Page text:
American firm Prometric, which conducted the first computer-based Common Admission Test (CAT) for the Indian Institutes of Management, took responsibility on Monday for the technical glitches that had marred the exam last year.
“It was a lapse on our part,” said Charles Kernan, chief operating officer of Prometric, responding to a question about the technological failure that meant thousands of students could not appear for the CAT as several test centres across the country reported server failure during the test.
“We have learnt several lessons from our experience. There was a lot of local hardware being used and more needed to be done to secure public networks,” Kernan said.
He added that changes needed to be made from the application process up to the delivery of the tests and Prometric would discuss the possibilities of improvement with the IIMs.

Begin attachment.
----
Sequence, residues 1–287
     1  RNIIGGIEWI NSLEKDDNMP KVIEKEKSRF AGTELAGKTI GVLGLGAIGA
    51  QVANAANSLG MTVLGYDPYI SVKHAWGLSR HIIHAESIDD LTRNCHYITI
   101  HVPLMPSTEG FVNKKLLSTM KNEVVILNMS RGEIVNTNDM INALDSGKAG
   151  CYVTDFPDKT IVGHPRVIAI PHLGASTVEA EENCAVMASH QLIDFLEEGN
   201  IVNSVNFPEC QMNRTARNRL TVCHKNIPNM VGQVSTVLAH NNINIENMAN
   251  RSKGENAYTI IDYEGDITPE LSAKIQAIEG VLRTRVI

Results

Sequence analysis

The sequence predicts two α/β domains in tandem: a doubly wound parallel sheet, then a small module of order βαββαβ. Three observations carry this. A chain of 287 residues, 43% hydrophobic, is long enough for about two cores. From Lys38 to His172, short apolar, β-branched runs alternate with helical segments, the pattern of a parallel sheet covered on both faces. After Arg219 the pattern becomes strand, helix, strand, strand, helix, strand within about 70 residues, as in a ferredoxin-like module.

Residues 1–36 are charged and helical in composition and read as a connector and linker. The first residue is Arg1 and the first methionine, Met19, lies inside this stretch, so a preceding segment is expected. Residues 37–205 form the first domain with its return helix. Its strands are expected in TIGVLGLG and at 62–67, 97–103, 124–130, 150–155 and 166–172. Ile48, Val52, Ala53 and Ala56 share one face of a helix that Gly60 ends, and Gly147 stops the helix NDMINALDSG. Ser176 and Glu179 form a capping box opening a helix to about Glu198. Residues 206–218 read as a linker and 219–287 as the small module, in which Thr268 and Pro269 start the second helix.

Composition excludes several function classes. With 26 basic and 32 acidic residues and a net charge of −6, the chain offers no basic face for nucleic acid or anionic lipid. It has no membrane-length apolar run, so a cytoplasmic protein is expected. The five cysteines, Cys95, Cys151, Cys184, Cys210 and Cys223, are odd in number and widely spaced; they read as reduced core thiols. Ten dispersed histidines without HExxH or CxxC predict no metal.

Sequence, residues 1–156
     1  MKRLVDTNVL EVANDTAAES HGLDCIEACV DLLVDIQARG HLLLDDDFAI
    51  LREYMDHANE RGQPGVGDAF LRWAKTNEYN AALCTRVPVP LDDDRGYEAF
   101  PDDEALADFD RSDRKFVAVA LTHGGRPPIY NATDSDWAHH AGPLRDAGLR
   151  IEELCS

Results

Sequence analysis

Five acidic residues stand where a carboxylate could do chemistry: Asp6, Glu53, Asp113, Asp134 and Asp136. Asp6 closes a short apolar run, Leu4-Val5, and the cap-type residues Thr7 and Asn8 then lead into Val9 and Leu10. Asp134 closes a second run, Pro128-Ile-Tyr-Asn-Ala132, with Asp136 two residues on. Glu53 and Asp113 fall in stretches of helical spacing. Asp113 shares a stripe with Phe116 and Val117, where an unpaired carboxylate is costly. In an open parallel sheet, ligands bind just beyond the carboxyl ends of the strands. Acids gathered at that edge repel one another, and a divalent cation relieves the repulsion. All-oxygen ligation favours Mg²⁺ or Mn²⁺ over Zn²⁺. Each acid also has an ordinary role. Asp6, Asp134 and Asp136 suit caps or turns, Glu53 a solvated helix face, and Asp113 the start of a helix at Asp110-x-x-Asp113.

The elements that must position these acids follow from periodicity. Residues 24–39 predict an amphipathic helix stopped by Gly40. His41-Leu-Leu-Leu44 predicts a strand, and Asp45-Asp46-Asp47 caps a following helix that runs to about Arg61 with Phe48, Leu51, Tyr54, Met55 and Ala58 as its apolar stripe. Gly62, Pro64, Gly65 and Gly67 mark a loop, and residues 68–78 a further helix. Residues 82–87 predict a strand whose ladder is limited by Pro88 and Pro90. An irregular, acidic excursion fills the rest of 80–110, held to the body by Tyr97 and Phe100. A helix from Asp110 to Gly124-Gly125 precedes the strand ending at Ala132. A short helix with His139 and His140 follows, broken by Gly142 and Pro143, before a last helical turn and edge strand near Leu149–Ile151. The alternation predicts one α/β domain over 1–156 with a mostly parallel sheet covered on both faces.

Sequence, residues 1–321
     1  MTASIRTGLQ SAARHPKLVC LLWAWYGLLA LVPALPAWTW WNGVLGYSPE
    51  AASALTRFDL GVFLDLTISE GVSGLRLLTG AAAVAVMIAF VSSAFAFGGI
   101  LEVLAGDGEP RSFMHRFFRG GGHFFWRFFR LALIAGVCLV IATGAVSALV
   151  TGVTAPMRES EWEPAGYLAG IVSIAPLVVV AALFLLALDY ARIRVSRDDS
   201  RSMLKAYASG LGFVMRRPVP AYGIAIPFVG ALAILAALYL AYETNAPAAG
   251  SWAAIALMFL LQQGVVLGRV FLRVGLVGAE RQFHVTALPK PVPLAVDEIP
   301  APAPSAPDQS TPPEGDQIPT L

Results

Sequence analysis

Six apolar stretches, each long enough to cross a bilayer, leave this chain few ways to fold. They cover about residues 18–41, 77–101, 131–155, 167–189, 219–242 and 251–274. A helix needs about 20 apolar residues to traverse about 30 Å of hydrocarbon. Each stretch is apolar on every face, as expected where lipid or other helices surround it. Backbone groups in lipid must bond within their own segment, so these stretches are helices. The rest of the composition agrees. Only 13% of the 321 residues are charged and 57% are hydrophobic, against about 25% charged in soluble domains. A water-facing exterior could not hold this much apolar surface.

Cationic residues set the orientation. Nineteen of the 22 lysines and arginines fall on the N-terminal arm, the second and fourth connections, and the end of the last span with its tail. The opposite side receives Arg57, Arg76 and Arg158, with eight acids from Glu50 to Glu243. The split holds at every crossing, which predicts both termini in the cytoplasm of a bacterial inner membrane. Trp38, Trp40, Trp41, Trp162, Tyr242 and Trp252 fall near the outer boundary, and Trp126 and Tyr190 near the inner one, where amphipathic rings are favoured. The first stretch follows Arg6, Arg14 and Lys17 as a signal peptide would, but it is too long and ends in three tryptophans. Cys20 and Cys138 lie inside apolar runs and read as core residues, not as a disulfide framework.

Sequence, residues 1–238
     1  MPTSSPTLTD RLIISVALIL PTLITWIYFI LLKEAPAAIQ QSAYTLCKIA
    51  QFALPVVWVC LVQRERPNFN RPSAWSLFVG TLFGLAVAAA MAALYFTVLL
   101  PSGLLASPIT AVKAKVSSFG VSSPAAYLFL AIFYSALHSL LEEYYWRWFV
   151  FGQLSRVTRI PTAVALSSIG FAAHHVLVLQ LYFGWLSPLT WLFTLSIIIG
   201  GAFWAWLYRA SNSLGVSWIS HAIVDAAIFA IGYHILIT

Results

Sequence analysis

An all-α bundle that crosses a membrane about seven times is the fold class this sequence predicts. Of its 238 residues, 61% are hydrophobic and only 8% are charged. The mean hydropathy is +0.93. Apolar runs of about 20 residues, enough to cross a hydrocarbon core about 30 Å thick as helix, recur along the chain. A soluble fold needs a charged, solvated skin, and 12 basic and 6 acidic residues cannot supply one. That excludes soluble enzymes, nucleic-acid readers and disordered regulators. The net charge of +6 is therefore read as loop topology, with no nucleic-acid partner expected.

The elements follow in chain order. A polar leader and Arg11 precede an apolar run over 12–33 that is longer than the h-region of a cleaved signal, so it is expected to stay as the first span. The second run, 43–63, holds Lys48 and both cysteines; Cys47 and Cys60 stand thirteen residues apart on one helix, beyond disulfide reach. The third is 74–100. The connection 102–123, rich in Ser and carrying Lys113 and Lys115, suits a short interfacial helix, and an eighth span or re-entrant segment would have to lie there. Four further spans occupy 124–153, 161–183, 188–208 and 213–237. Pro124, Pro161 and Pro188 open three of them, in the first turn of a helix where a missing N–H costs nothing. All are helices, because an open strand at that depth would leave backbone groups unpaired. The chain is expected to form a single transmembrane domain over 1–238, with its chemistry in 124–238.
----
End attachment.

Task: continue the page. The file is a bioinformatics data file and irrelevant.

Kernan also denied that their contract with IIMs was under review.
“There is no reason not to be planning to go forward,” he said.
The IIMs had earlier said that they would review their contract with Prometric following widespread criticism on the failure of the international firm to conduct a smooth computer-based CAT.
With many students dissatisfied with their CAT scores, Prometric said the test scoring was done scientifically and was aligned to international standards. “We have tried to be transparent. We have put the entire scoring procedure on the website,” added Soumitra Roy, MD, Prometric (India).
Almost 11,000 students, who were affected due to the technological problems and could not either sit for the CAT or whose exam was disrupted, were asked to sit for the second phase of the CAT test on January 30 and 31 this year.